**Iteration: **Repeat the E and M steps until the likelihood of the data given the parameters converges

The power of EM lies in the fact that P (x|θ) is guaranteed to increase with each iteration of the algorithm. Therefore, when this probability converges, a local maximum has been reached. As a result, if we utilize a variety of initialization states, we will most likely be able to identify the global maximum, i.e. the best parameters θ. The Baum-Welch algorithm generalizes EM to HMM’s. In particular, it uses the forward and backward algorithms to calculate P(x|θ) and to estimate A_{kl }and E_{k}(b). The algorithm proceeds as follows:

**Initialization** 1. Initialize the parameters to some best-guess state

**Iteration **1. Run the forward algorithm

2. Run the backward algorithm

3. Calculate the new log-likelihood P(x|θ)

4. Calculate Akl and Ek(b)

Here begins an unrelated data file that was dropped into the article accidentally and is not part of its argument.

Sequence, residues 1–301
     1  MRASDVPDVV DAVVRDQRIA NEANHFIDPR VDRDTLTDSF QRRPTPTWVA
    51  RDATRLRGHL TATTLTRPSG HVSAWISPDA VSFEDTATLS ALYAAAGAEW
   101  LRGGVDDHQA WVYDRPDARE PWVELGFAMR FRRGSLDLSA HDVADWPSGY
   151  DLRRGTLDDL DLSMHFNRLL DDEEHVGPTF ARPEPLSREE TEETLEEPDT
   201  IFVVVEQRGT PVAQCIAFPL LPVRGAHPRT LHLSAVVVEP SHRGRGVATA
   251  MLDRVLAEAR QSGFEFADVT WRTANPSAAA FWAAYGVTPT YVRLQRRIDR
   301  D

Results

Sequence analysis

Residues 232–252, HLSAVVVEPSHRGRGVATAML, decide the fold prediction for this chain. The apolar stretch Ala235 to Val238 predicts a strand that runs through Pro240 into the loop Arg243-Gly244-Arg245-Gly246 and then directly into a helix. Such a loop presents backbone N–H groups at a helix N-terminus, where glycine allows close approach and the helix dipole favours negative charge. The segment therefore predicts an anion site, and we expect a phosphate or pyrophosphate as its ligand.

5. Calculate akl and ek(b) using the pseudocount formulas 6. Repeat until P(x|θ) converges

Previously, we discussed how to compute P(x|θ) using either the forward or backward algorithm’s final results. But how do we estimate A_{kl} and E_{k}(b)? Let’s consider the expected number of transitions from state k to state l given a current set of parameters θ. We can express this expectation as

[A_{k l}=sum_{t} Pleft(pi_{t}=k, pi_{t+1}=l mid x, heta ight)=sum_{t} frac{Pleft(pi_{t}=k, pi_{t+1}=l, x mid heta ight)}{P(x mid heta)} onumber ]

Exploiting the Markov property and the definitions of the emission and transition probabilities leads to the following derivation:

[egin{aligned}

A_{k l} &=sum_{t} frac{Pleft(x_{1} ldots x_{t}, pi_{t}=k, pi_{t+1}=l, x_{t+1} ldots x_{N} mid heta
ight)}{P(x mid heta)}

&=sum_{t} frac{Pleft(x_{1} ldots x_{t}, pi_{t}=k
ight) * Pleft(pi_{t+1}=l, x_{t+1} ldots x_{N} mid pi_{t}, heta
ight)}{P(x mid heta)}

&=sum_{t} frac{f_{k}(t) * Pleft(pi_{t+1}=l mid pi_{t}=k
ight) * Pleft(x_{t+1} mid pi_{t+1}=l
ight) * Pleft(x_{t+2} ldots x_{N} mid pi_{t+1}=l, heta
ight)}{P(x mid heta)}

Rightarrow A_{k l} &=sum_{t} frac{f_{k}(t) * a_{k l} * e_{l}left(x_{t+1}
ight) * b_{l}(t+1)}{P(x mid heta)}

end{aligned}]

A similar derivation leads to the following expression for E_{k}(b):

[E_{k}(b)=sum_{i mid x_{i}=b} frac{f_{k}(t) * b_{k}(t)}{P(x mid heta)}]